Staff Publications

Staff Publications

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    'Staff publications' is the digital repository of Wageningen University & Research

    'Staff publications' contains references to publications authored by Wageningen University staff from 1976 onward.

    Publications authored by the staff of the Research Institutes are available from 1995 onwards.

    Full text documents are added when available. The database is updated daily and currently holds about 240,000 items, of which 72,000 in open access.

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Record number 534407
Title Effects of hydrostatic pressure and supercritical carbon dioxide on the viability of Botryococcus braunii algae cells
Author(s) Yildiz-Ozturk, Ece; Ilhan-Ayisigi, Esra; Togtema, Arnoud; Gouveia, Joao; Yesil-Celiktas, Ozlem
Source Bioresource Technology 256 (2018). - ISSN 0960-8524 - p. 328 - 332.
Department(s) Food Technology
BBP Bioconversion
Bioprocess Engineering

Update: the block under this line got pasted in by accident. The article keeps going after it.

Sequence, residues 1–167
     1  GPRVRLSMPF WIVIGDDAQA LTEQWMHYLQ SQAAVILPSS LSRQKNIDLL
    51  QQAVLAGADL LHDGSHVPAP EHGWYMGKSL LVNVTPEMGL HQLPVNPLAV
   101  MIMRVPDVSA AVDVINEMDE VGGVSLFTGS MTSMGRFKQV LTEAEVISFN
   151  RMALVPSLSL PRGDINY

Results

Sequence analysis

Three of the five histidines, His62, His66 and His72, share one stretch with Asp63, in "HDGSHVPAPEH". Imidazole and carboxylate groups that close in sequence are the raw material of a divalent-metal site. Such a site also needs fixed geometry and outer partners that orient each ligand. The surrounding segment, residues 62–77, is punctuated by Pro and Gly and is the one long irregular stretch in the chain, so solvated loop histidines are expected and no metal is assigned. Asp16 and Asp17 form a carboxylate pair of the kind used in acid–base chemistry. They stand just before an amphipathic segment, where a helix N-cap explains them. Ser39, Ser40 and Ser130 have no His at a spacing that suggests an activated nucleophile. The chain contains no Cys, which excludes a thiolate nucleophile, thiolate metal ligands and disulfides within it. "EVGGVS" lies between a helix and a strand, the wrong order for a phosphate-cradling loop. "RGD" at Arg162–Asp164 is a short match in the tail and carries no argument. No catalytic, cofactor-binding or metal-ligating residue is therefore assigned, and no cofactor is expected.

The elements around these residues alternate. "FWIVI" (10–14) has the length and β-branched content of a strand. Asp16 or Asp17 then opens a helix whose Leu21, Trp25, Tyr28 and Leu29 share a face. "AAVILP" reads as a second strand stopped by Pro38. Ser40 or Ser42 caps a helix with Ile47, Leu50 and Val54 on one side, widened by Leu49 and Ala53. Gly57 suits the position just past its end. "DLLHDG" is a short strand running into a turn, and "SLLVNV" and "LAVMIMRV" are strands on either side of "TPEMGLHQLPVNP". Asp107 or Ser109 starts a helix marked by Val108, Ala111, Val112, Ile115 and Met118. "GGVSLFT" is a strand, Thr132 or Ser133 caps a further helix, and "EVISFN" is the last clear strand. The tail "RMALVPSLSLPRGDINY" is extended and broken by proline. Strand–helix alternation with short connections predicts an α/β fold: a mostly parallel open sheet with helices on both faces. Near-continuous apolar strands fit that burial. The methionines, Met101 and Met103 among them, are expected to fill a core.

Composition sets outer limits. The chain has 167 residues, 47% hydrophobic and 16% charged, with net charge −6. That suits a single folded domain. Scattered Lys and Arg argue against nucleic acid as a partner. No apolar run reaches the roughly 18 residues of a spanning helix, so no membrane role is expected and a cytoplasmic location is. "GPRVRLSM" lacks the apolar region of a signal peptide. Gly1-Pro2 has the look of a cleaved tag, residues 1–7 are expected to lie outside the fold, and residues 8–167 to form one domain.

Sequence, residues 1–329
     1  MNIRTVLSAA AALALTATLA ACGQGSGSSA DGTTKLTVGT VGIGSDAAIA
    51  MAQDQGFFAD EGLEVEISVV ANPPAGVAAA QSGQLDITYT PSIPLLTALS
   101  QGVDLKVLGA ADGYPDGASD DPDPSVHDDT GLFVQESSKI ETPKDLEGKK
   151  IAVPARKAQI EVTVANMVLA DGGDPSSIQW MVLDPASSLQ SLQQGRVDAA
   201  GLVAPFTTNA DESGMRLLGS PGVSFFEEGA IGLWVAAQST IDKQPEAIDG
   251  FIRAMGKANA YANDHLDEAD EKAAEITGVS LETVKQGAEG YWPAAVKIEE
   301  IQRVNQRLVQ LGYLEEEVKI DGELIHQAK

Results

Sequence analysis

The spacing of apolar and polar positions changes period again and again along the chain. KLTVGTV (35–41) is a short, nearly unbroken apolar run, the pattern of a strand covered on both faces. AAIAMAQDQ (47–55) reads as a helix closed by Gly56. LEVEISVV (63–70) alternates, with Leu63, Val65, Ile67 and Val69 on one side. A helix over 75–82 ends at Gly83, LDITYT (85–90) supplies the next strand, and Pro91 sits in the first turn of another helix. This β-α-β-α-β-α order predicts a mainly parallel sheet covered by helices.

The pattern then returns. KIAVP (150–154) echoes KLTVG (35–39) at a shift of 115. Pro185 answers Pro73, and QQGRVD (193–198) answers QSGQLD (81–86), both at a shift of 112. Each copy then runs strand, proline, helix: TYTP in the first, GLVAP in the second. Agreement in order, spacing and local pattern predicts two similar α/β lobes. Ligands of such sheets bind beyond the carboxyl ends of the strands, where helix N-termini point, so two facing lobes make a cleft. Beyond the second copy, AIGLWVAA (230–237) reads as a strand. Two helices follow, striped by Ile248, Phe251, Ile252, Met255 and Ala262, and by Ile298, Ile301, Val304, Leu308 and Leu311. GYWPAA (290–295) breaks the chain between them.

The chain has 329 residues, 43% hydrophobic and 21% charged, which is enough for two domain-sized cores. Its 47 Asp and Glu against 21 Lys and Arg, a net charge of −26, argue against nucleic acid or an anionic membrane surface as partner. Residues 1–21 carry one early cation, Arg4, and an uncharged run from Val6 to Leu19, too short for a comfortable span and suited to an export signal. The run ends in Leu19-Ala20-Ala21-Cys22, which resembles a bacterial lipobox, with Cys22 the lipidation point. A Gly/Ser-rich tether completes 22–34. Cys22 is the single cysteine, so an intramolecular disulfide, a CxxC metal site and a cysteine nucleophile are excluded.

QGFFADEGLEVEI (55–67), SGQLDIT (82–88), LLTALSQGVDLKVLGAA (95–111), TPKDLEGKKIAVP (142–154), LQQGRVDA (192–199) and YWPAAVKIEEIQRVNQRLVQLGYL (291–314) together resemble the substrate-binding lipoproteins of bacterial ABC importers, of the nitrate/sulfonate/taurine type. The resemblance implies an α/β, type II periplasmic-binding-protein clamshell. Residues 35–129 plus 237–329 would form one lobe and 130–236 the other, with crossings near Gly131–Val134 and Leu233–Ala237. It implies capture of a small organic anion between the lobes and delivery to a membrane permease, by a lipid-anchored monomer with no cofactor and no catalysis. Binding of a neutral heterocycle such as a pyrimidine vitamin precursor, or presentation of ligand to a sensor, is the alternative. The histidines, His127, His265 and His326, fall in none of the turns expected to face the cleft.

Publication type Refereed Article in a scientific journal
Publication year 2018
Keyword(s) Botryococcus braunii - Cell viability - Hydrostatic pressure - Recultivation - Supercritical CO
Abstract In bio-based industries, Botryococcus braunii is identified as a potential resource for production of hydrocarbons having a wide range of applications in chemical and biopolymer industries. For a sustainable production platform, the algae cultivation should be integrated with downstream processes. Ideally the algae are not harvested, but the product is isolated while cultivation and growth is continued especially if the doubling time is slow. Consequently, hydrocarbons can be extracted while keeping the algae viable. In this study, the effects of pressure on the viability of B. braunii cells were tested hydrostatically and under supercritical CO2 conditions. Viability was determined by light microscopy, methylene blue uptake and by re-cultivation of the algae after treatments to follow the growth. It was concluded that supercritical CO2 was lethal to the algae, whereas hydrostatic pressure treatments up to 150 bar have not affected cell viability and recultivation was successful.
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